Septic Systems

Sewage System Permit

It is strongly encouraged to have your property evaluated to determine the size and location of the septic system before siting a house, structure, or well. It will be easier to move buildings on paper if you need to, due to setbacks or the size of the system. To do so, you must hire a certified evaluator to look at the property. They will excavate at least 3 test pits (two in the primary sewage disposal area and a third in the reserve disposal field area) to a depth of 12 feet and determine the capacity of the soil to absorb water. The evaluator will then develop a site plan matching your development desires to the available space.

You must have the soil and site evaluation completed before applying for a sewage disposal permit. Applications are accepted and processed through the County Planning and Zoning offices. If an alternative system is necessary (due to lack of soil, groundwater, impermeability, etc.), the evaluator may recommend that you hire an engineer to design a system to compensate for whatever the limitation is. The application for an alternative system would be reviewed by the Arizona Department of Environmental Quality (rather than the Health Department).

Site & Soil Evaluator

A qualified Investigator/Evaluator can be either:

  • Arizona registered professional engineer
  • Arizona registered professional geologist,
  • Arizona registered sanitarian
  • Individual with a certificate of training from a course recognized by ADEQ

Care & Maintenance

Improperly maintained and failing septic systems are common sources of water pollution and potential public health hazards. The following are to assist you in maintaining your septic system for optimal sewage treatment and maximum life span:

  • The septic system is an underground two-part sewage treatment and wastewater disposal system. It is composed of a septic tank and a leach field. Sewage flows by gravity into the septic tank where the solids are removed, and some treatment occurs. The remaining liquid flows to leach fields where it is further treatment occurs and allowed to soak into the soil.
  • It is recommended that the septic tank be pumped every 3 to 5 years of normal household use. Contractors are listed in the telephone book (in the yellow pages under Septic Tanks and Systems-Cleaning). If solids from the tank are allowed to enter the leach field, the life of your system could be drastically diminished, causing expensive repairs much sooner than would usually be expected.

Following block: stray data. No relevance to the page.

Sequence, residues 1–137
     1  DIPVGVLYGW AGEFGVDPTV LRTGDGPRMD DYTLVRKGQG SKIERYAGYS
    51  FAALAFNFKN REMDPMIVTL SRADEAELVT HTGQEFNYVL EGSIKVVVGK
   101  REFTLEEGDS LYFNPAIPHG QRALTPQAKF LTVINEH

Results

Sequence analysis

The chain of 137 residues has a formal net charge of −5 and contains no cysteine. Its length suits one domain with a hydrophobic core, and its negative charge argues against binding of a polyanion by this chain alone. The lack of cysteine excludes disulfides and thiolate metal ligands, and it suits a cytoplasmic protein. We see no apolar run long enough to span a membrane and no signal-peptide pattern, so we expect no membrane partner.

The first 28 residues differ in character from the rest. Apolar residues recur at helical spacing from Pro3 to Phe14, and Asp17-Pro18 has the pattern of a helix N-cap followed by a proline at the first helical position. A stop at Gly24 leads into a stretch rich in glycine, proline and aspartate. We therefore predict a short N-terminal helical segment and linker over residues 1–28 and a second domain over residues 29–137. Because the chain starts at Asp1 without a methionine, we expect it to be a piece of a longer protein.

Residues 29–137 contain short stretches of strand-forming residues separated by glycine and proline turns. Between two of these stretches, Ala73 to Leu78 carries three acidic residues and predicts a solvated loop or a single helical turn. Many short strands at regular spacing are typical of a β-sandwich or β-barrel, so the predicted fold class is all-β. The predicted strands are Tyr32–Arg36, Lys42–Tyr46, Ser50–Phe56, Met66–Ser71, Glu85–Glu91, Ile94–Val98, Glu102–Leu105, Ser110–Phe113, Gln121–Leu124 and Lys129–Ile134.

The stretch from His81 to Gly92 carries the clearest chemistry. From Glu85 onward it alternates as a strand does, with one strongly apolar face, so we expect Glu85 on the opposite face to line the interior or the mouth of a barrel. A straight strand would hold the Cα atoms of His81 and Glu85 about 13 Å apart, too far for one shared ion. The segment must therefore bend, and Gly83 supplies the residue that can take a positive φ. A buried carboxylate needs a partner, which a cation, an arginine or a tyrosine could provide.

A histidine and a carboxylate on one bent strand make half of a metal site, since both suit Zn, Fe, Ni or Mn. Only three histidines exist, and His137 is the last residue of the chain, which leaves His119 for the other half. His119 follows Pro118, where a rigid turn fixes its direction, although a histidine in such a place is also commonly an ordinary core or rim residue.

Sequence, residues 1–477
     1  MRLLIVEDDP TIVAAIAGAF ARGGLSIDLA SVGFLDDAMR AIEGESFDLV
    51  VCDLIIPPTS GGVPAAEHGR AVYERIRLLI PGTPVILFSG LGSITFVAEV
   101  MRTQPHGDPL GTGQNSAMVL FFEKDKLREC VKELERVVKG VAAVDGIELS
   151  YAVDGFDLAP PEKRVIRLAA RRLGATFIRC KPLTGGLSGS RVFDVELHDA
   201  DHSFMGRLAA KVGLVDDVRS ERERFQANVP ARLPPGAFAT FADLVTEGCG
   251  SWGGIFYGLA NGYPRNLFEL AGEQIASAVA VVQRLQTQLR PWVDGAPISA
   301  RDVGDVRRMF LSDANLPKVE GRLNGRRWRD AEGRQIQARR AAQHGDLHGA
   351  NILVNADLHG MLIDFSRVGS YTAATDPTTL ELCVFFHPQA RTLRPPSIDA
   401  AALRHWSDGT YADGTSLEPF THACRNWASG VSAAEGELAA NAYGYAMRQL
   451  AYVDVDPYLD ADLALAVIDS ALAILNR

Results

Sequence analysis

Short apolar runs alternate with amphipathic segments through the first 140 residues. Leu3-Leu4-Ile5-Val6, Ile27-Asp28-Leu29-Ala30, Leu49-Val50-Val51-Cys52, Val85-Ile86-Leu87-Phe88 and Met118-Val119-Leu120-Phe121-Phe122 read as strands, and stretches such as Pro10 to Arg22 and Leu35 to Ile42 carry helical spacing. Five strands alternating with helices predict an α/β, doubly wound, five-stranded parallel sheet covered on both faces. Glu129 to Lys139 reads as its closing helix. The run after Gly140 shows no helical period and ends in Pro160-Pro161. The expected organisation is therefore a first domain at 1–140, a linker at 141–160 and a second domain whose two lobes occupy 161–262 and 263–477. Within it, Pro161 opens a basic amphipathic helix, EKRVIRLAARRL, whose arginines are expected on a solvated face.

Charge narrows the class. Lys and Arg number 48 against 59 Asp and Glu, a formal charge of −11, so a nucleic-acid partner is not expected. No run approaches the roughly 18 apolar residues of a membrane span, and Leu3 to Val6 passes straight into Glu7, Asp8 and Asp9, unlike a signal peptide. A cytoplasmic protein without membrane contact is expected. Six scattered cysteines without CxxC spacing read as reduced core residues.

• To locate where your septic tank system is, consult your Cochise County Environmental Health Division office nearest you. If your house is not too old, the office may have a record of where your septic tank is located in reference to your home. Another way would be to probe the yard to see if you can physically find it. Your yard may contain certain clues, such as a cleanout pipe. This line leads directly to the tank, which is usually 10 feet or more from the foundation of the house. A plumber or septic tank pumping company can also locate the tank for you.
  • Newer septic tanks an effluent filter inside of the second chamber of the tank before the outlet or discharge pipe. The purpose of the effluent filter is to prevent solids from infiltrating into the leach fields. Effluent filters must be periodically cleaned. It can be cleaned by removing it from the tank and rinsing it with running water. You or your septic pumper can clean these filters. Cleaning is usually recommended at least once each year.
  • The efficiency of the septic system is related to the quantity and quality of the wastewater. All leaking fixtures should be repaired as soon as possible. In normal quantities, household cleaning products would not have any harmful effects. Pesticides, herbicides, paint, solvents, or oils should not be disposed of in the septic system. The addition of chemicals or bacterial enzymes is not recommended.
  • Septic system failure is usually indicated by either the backing up of sewage into the home or by surfacing effluent in the leach field area. When this occurs, the septic tank needs pumping, and the leach field's ability to handle the inflow of effluent is decreasing. Surfacing effluent is considered a public health hazard. It requires immediate correction, such as pumping the tank and possibly obtaining a repair permit from EHD if repairs to the septic system need to be done.